Water is critical to maintaining the balance of all life on Earth. As humans go, the United Nations estimates that each person needs about 50 to 100 liters a day for drinking and washing. It must be safe, accessible, and affordable. Some corporations claim ownership of fresh water sources to bottle and sell for profit. Others use water as a tool to extract oil and gas from the ground. In this episode of Making Contact, we’ll hear from communities fighting to keep big water bottling companies out of rural Oregon, and to protect water from oil and gas contamination in New Mexico.
Monica Lopez: This week on Making Contact: Water is critical to maintaining the balance of all life on Earth as humans go. The United Nations estimates that each person needs about 50 to 100 liters a day for drinking and washing. It must be safe, accessible and affordable. And then there are large corporations that claim ownership of fresh water sources to bottle and sell for profit.
Craig Jasmer: We were sitting on our property and heard well drilling operations and we wondered what was going on. Who was digging a well? Well, a neighbor informed us that the previous property owner had sold to Crystal Geyser. There was never any public notice published, which was really frustrating.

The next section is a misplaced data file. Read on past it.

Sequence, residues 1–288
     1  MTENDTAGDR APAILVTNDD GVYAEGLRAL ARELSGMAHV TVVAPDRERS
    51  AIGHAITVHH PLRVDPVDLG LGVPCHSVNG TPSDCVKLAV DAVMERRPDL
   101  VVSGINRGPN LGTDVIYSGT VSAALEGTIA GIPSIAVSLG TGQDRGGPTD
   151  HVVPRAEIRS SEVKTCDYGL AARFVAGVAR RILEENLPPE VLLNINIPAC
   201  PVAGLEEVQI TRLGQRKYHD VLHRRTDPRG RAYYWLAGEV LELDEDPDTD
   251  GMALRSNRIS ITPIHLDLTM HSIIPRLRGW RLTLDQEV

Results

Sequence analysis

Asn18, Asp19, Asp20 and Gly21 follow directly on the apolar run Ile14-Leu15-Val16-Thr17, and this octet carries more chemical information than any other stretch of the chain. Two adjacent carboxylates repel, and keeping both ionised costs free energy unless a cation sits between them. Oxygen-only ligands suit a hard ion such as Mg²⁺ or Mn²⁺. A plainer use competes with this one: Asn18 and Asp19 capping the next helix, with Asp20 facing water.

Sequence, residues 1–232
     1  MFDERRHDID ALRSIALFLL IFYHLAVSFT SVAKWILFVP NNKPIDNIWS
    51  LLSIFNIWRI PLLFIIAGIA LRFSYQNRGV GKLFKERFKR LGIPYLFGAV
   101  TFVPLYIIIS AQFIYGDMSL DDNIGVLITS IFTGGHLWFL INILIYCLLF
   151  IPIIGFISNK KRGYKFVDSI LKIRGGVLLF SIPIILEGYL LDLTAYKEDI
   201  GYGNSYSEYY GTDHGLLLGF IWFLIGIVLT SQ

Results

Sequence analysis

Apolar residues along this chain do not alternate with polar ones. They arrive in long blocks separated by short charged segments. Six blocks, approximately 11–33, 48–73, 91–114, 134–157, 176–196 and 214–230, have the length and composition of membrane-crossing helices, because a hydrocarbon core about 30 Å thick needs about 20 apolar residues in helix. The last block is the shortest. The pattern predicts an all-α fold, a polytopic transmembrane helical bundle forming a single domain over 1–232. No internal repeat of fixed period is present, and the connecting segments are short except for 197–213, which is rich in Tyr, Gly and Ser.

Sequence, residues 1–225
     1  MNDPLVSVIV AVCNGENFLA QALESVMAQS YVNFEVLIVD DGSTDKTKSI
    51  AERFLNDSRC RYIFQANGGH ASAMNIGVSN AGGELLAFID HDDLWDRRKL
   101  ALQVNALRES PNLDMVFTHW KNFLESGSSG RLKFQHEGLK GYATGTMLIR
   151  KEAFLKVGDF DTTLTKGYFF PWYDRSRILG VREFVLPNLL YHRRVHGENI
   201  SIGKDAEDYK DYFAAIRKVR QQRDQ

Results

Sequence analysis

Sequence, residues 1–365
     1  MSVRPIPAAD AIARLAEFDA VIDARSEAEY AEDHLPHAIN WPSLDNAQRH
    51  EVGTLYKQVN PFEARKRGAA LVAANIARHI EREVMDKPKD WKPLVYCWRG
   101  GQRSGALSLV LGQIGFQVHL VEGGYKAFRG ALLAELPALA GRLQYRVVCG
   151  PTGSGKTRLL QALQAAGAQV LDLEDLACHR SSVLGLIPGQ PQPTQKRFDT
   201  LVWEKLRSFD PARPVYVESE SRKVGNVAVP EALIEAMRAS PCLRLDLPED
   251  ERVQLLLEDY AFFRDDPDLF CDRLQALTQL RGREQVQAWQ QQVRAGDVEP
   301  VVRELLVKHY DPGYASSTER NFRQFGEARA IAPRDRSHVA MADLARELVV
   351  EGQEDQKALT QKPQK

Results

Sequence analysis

Monica Lopez: Other companies use water as a tool to extract oil and gas from the ground.
Rebecca Sobel: And until legislators can provide 100 percent assurance that there’s no risk to public health, there’s no risk to the environment, and there’s no risk to freshwater resources in the management of oil and gas waste, or produced water, regulators should move very cautiously, if at all.
Monica Lopez: This is “Wolves at the Well: The Corporate Grab of Public Water” on Making Contact. I’m Monica Lopez.
Monica Lopez: When you reach for that plastic bottle of water do you know where the water inside came from? Well, much of bottled water is sourced from municipal taps. Expensive premium bottled water actually does come from pristine springs located in remote rural areas. Oregon producer Barbara Bernstein explores the impacts that large water bottling facilities have on these rural areas and why residents in targeted communities are fighting back against water bottlers like Nestle and Crystal Geyser.
Barbara Bernstein: For the vast majority of human existence and civilization, water has been perceived as a common resource not to be owned and bought and sold. As we head into a climate crisis, we’ve really got to make sure a water gets defined as a public resource.
Barbara Bernstein: The Pacific Northwest is a water abundant region, with many small towns reeling from the loss of their primary industry: logging. The commercial water bottling industry…